Sexism in the Football Industry

wcThe World Cup, an international men’s football tournament which occurs every four years, has just ended. Whether you are an ardent football fan like me or a patriot whose national team made it to the World Cup, this was an exciting, adrenaline-filled month.

But as a feminist this was the time for a lot of questioning. The football industry bursts with sexism, and nothing much is being done about it. Not only is it a male-dominated industry, with clear gender inequities faced by women who are part of it as well as the lack female voice and representation generally, its followers are some of the sexist and misogynistic lot I have ever encountered.

During this period, I saw both overt and subtle sexism on a daily basis. 35 incidences of sexual harassment and assault were recorded in Moscow alone! We heard chants in the streets of Russia such as ‘you’re shit but your birds are fit’ or ‘go home to your ugly wives’, chants which are often dismissed as harmless football banter. We saw the despicable manners in which female journalists were treated on and off camera. We saw the ‘babe cam’ that often zoomed a little longer onto young women with a certain look. We  read baleful online trolls and comments, and we saw the most blatant sexist TV ads by major companies. The sentiment was echoed across, it was the most sexist world cup ever!

So what is happening? Why is there so much backlash against women?

Here is the depressingly, unsurprising truth: sexism in football is an exact mirror of the society we live in today, and the realities of women across the world. What we observed is not just ‘a regrettable error in judgement’ as a certain famous photo agency said when they published ‘the hottest fans at the World Cup’ that featured pictures of young women exclusively. Sexism is a deliberate prejudice against women and the inherent belief that women are second class citizens and should be treated so.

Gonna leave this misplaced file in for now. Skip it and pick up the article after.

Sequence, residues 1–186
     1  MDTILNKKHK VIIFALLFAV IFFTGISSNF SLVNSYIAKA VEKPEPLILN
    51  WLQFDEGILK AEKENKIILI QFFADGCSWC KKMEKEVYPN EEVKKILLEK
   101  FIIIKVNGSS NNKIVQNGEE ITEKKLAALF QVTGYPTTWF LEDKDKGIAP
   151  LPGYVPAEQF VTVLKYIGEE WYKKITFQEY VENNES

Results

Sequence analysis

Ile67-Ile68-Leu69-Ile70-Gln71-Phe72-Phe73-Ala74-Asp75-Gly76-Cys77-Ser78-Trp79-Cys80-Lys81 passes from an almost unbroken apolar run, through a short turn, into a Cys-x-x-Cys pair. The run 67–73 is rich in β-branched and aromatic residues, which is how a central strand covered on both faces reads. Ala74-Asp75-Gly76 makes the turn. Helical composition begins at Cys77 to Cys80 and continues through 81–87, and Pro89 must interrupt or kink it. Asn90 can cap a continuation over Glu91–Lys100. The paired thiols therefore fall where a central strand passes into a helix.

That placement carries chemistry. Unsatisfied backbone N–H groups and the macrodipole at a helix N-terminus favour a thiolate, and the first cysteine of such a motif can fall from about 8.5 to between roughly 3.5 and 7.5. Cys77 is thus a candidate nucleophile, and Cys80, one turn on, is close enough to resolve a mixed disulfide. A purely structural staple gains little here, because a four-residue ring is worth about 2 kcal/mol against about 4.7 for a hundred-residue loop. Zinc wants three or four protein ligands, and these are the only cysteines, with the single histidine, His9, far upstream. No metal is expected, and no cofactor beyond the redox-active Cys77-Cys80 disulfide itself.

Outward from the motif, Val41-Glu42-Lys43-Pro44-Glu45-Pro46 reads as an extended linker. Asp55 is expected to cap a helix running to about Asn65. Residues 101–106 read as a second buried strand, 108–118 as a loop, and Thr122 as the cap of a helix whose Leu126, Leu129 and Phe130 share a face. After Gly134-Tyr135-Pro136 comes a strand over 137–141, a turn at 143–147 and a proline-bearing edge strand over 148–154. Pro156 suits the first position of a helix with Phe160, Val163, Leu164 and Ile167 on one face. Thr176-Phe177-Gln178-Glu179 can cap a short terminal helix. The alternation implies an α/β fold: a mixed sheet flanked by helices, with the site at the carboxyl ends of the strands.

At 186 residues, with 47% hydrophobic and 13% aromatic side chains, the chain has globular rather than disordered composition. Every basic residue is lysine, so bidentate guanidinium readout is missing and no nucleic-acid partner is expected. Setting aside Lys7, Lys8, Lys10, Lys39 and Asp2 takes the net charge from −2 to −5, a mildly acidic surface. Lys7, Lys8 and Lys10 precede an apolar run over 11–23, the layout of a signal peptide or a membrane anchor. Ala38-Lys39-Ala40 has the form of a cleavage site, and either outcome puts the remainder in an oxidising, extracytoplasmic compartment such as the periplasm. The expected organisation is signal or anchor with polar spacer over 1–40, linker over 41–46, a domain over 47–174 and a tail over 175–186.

Football is deeply adored on the African continent. First, it offers this misconstrued narrative of what the ideal masculinity is, which breeds prejudice against men who don’t care about the sport; these men are seen as unmanly and gay. Furthermore, it is considered as a preserve of men. Since women are generally perceived as disinterested in football or somehow unable to understand the rules of the games, our legitimacy as football fans is often questioned. I have been told I watch football to please or seek a man’s attention, or simply because there are good looking men on the pitch. And once you are accepted in the clique, you are forced to downplay your femininity to fit into the fandom identify.

Second, and perhaps more chilling, is that sometimes football comes with a cost for many women victims of intimate partner violence. We already know that globally 1 in 4 women is a victim of domestic violence. But did you know that research shows these numbers increase to more than 30% during the football season? Women become the punching bag, especially when one’s favourite team loses.

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Days before the World Cup season, posts were shared on social media that centred around rules for women during the tournament, which reminded them of their place as supportive wives who under no circumstances should not question or anger their men. For instance, women were reminded to keep silent while a game in ongoing; not to ask about rules of football and to ensure men do not run out of beverages. This is not only highly patronizing to women as it assumes we have nothing to bring to the table, but it also reinforces male chauvinism as an acceptable and widespread behaviour.

I am happy that women have gradually been calling out against sexism in the football industry. Petitions have been launched; sexist ad campaigns have cancelled as a result of pressure from lobby groups; online posts were removed and campaigns that portray women in football positively have been launched. But this is not enough.

The football world is still a very hostile environment for women. Little has been researched and documented to understand the link between sport, masculinity and violence. So we need to have these conversations and understand how they affect women. A lot has been invested in the campaign to kick racism out of football. If only equal amounts of energy were employed to speak out against sexism and how detrimental it is to women. Saying no to sexism in football is not just about claiming the right of women to participate in the sport, it should also extend to calling out against the misogyny that has become an everyday reality for women around the world.

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